Date added: 11 Aug 2016
The Principality of Brunswick-Wolfenbüttel was a subdivision of the Duchy of Brunswick-Lüneburg. Various dynastic lines of the House of Welf ruled Brunswick-Wolfenbüttel until the dissolution of the Holy Roman Empire in 1806. In 1806 Duke Charles William Ferdinand was mortally wounded as a Prussian Field Marshal at the Battle of Auerstedt. After a short interregnum Brunswick was occupied from 1807 to 1813 by the French.
When the War of the Fifth Coalition broke out in 1809, his son, Frederick William, used this opportunity to create a corps of partisans with the support of the Austrian Empire. This corps was called the Black Brunswickers because they wore black uniforms in mourning for their occupied country. He financed the corps independently by mortgaging his principality in Oels, and made his way from Austrian Bohemia through the French-allied states of Saxony and Westphalia to the North Sea coast. He then fled to England to join forces with his brother-in-law, later to be King George IV. His troops were taken into British pay and the Duke was granted the rank of lieutenant general in the British Army on 1 July 1809. His corps of originally 2,300 soldiers was largely destroyed in battles in Spain and Portugal during the Peninsular War.
As a result of the Vienna Congress, the Duchy of Brunswick was created in 1814. When Napoleon returned in 1815, Frederick William raised fresh troops. He was killed by a gunshot whilst leading his men at the Battle of Quatre Bras on 16 June, the night after he had attended the Duchess of Richmond's ball in Brussels and left it happy to have a chance to show his fighting ability.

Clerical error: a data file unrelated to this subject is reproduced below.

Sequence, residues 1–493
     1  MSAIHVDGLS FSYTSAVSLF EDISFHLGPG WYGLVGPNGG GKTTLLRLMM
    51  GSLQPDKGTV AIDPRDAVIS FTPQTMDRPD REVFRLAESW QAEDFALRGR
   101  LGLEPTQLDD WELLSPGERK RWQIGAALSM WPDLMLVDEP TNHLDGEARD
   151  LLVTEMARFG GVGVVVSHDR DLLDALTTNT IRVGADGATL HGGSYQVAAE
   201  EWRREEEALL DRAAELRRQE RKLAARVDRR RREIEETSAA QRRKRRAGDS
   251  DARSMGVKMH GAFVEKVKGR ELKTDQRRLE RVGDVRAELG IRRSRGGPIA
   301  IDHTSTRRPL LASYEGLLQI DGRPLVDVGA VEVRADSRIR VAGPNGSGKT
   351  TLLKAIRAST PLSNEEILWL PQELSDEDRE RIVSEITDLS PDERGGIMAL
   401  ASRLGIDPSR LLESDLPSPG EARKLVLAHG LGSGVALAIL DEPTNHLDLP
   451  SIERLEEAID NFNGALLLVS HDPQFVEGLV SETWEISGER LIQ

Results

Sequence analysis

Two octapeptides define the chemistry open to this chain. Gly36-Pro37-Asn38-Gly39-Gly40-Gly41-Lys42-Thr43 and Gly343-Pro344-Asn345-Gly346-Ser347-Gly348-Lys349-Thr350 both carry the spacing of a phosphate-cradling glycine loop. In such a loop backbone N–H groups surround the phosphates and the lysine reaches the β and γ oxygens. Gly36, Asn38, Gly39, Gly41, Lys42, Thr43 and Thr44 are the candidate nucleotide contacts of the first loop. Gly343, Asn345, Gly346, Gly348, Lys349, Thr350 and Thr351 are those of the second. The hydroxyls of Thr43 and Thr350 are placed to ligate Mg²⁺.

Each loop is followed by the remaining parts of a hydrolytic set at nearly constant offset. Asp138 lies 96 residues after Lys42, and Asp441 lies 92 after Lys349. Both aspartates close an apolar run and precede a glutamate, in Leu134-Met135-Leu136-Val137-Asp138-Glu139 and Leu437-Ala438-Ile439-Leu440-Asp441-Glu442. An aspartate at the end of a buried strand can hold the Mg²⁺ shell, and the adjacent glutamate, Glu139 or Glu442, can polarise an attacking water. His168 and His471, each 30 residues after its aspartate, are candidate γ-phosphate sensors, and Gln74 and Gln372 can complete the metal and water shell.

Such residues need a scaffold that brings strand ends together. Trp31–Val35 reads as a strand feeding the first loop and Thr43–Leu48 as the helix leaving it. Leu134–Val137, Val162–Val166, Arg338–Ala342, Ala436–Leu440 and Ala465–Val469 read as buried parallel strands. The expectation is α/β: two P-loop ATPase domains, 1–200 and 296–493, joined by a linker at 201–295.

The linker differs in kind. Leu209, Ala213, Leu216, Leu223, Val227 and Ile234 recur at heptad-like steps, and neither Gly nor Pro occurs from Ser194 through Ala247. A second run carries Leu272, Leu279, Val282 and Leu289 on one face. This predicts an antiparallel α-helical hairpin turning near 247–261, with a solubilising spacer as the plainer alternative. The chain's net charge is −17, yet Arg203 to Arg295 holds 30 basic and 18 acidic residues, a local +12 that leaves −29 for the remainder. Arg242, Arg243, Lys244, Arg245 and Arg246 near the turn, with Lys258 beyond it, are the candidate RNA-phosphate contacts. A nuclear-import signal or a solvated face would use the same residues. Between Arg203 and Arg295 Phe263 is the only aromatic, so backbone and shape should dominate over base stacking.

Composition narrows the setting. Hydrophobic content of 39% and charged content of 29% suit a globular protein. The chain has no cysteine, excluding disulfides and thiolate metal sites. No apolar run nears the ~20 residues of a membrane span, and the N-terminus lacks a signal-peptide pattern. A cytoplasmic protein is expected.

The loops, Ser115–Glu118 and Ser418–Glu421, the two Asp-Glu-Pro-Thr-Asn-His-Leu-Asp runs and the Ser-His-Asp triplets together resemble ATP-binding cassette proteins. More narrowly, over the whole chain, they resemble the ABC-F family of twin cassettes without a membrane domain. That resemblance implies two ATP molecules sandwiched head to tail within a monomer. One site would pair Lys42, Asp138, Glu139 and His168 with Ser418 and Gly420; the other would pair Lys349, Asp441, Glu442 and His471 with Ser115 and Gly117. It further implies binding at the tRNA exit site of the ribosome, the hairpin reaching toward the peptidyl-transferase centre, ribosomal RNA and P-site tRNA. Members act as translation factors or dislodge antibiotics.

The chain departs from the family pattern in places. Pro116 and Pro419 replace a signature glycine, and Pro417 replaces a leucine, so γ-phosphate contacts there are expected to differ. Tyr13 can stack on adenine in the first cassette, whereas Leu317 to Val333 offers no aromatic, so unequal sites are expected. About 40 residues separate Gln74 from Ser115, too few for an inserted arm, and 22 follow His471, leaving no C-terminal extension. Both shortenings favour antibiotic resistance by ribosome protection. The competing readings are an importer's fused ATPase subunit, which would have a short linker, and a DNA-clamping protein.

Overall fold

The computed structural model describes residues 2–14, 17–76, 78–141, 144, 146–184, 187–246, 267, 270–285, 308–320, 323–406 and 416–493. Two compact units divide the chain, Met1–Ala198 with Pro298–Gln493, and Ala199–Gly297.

Brunswick provided a reasonable force to the Anglo-Allied Army at Waterloo – eight battalions, five squadrons of cavalry and two batteries of guns; this contingent of 6,244 men was equivalent to 9.5% of the total infantry and 8% of the overall total.
Brunswick Waterloo Medal
Uniformed bust of Archduke Friedrich Wilhelm of Brunswick, wearing medals, to left. BRAUNSCHEIG SEINEN KRIEGERN (Brunswick to its warriors) QUATRE BRAS WATERLOO around wreath, 1815 in the centre. Bronze 35 mm.
The Duke of Brunswick had been killed at Quatre Bras and his children were all minors. George III was head of the elder branch of the House of Brunswick/House of Welf, so the Prince Regent authorized this medal for its issue to the contingents from Brunswick which took part at the Battles of Quatre Bras and Waterloo.